Sometimes, the biggest hurdle to overcome has less to do with the tangible financial or economic issues in front of us, and more to do with investor sentiment — especially in a climate such as this where, for many, the natural tendency is to pull back. What past cycles have shown us is that this is generally the wrong reaction. When others are leaning out, is precisely the time one should look for the right way to lean into certain areas. Otherwise, you run the risk of mistiming the market opportunity and possibly missing out on the return benefit as things recover.
Investor sentiment lifecycle
It doesn’t mean there aren’t risks. The changing tide for investors means there will be more of a thematic and ‘deal-pickers’ market going forward. In other words, strategy, sector, geography and manager selection criteria will be even greater determinants of how portfolios perform relative to their collective impact over the past 13 years given a ‘rising tide’ for most asset classes.
Returns across all asset classes will likely be lower going forward. It is a near statistical certainty. However, keep in mind that if we lined up and ranked the average private equity net returns over the last 30 years, four of the last five vintage years would be ranked number one, two, three and four in that order. So, the average private equity returns, which had been hovering in the 25 per cent to 40 per cent net internal rate of return (IRR) range over the past five vintage years, may revert to more ‘pedestrian’ levels in line with longer-term averages. So net private equity returns on newly invested capital over the next 5 to 10 years is still expected to generate performance in the mid-to-high teens range, and the data supports this.
How will that performance stack up to other asset classes, including the public equity markets? While absolute levels of returns may come down, the relative outperformance of private market average returns is actually better when public returns are lower. The outperformance gap that private markets have generated historically over public market equivalents tends to be higher when the public market returns (x-axis) are lower. It’s in these types of market conditions where the private market strategies have the potential to outperform the most.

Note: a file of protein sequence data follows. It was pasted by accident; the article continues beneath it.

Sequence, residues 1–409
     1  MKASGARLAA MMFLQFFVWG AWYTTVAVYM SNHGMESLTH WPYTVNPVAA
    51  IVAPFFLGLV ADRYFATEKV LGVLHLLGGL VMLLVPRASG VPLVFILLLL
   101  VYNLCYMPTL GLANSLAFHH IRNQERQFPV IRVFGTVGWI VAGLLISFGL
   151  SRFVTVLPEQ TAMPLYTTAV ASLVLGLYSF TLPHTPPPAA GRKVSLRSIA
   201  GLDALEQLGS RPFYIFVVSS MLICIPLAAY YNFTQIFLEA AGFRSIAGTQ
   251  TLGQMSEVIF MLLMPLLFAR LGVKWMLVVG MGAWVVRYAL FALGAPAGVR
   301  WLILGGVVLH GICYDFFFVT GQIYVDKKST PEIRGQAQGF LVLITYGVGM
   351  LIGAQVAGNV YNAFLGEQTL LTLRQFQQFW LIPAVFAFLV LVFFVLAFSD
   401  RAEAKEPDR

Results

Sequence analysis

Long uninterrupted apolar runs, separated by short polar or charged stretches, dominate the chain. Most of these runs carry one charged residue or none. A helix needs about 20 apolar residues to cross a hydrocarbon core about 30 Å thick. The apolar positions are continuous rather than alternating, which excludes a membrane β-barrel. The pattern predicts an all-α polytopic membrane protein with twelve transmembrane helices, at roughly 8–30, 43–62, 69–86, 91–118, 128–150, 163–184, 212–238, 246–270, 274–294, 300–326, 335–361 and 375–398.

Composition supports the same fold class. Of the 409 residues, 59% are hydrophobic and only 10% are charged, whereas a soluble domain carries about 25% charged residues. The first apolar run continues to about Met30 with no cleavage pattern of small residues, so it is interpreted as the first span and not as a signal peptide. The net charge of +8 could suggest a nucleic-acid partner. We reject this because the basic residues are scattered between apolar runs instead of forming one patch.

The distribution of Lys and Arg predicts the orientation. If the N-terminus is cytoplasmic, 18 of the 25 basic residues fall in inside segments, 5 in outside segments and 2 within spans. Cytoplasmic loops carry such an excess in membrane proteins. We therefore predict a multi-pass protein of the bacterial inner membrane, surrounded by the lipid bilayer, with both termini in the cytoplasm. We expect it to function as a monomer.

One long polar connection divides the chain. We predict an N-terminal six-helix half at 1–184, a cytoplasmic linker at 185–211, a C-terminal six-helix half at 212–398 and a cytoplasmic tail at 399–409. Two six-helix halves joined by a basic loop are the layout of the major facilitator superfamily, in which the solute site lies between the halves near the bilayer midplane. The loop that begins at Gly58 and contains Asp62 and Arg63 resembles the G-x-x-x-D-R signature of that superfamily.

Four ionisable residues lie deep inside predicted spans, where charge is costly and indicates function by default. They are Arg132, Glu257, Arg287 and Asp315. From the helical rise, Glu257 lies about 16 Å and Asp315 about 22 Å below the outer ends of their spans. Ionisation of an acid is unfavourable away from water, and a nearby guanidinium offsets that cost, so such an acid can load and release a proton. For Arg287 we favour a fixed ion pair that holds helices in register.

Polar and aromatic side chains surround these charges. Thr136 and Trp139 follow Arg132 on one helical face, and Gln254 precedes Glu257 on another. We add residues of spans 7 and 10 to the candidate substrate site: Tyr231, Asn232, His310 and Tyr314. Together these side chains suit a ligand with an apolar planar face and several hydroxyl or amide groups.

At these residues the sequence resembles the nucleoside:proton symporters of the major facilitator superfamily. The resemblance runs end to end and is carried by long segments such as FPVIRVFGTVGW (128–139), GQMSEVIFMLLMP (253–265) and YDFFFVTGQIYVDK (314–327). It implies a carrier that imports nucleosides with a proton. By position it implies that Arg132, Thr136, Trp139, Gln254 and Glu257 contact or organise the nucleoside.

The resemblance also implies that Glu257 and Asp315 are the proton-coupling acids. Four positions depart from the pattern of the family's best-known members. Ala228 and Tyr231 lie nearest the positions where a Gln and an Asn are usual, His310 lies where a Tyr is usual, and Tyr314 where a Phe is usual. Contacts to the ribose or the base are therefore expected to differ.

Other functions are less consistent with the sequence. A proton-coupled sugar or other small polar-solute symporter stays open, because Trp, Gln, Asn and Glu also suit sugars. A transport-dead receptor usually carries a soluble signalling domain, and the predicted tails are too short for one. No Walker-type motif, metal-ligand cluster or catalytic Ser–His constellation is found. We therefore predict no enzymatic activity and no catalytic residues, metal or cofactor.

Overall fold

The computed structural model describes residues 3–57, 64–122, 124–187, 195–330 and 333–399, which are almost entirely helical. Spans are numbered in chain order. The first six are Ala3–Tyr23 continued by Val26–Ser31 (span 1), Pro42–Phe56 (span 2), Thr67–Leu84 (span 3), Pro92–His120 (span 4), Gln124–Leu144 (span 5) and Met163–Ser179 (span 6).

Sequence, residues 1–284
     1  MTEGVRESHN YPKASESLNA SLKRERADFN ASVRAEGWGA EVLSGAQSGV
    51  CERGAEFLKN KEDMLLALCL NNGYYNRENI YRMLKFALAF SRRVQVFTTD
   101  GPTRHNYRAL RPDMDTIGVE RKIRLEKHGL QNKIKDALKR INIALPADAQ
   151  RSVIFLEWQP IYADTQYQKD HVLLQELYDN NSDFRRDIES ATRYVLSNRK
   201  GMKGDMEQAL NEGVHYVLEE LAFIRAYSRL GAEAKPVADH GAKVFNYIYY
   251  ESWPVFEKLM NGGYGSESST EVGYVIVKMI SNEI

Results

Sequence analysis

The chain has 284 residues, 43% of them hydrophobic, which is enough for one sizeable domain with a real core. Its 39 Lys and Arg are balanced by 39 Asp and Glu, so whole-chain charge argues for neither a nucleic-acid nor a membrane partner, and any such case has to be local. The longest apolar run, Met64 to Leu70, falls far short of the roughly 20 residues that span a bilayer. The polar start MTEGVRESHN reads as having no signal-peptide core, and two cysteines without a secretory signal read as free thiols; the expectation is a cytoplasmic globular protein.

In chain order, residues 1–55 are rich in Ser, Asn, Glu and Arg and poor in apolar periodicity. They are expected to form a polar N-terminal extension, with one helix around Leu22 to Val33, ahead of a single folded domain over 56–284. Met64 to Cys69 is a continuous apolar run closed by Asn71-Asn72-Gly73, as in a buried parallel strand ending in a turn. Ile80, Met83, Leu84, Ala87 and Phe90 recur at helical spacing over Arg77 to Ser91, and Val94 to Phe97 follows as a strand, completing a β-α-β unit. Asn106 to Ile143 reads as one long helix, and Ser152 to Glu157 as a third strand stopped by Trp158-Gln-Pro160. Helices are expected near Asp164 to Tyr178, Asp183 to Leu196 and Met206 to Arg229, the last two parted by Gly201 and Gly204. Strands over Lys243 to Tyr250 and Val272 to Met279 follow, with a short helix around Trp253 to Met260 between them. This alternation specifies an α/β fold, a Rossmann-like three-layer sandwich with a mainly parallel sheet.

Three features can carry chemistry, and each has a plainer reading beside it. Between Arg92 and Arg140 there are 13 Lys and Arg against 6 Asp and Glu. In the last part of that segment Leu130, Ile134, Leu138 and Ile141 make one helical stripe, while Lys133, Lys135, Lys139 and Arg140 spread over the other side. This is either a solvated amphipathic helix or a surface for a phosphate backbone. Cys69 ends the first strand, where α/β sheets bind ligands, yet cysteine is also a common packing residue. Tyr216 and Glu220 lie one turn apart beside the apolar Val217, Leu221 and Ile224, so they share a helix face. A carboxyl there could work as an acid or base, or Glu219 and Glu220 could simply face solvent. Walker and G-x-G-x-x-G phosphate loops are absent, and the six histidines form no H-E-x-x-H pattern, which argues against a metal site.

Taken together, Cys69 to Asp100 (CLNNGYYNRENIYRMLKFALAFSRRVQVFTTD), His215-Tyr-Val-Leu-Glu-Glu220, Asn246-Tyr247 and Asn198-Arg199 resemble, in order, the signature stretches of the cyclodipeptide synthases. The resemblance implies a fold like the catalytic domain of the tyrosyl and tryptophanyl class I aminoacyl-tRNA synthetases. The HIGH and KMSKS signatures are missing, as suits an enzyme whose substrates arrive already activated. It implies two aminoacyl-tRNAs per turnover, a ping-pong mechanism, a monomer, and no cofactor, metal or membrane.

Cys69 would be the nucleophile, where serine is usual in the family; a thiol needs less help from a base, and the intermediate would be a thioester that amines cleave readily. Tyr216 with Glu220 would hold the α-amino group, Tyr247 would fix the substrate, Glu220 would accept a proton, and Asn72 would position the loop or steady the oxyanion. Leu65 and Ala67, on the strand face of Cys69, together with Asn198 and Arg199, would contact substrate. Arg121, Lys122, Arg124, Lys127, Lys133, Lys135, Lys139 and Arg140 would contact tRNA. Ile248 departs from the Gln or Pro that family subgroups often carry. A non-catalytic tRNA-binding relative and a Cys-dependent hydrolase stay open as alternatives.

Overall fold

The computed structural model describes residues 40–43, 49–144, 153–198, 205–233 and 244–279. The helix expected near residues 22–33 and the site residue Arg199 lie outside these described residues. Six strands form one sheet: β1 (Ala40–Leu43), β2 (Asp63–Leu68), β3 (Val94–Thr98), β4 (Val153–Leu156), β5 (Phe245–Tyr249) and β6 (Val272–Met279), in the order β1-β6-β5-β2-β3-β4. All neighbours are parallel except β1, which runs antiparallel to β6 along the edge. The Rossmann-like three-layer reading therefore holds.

Why does private equity tend to outperform during choppy markets? Company quality could certainly be a factor, though that is difficult to measure systematically. In some cases, GPs marking assets to market are already conservative, and companies may have been on the books at lower valuations than traded comps (remember that GPs tend to exit their companies at a premium to holding value). There are also structural mechanisms that allow GPs to support their companies during times of stress that public companies don't have access to (for example calling more capital from their LPs and better access to capital markets) that may justify higher valuations. And some would argue that the price for a highly negotiated, majority stake transaction between a small number of parties should not necessarily be the same as the price for instant liquidity of a small minority position.
The challenge for investors, and what makes periods like this so difficult, is that we are still in a climate ripe with uncertainties and many of these — geopolitical risks, magnitude of rate rises, timing of valuation pivots, and the lingering impact of COVID — are not going away anytime soon.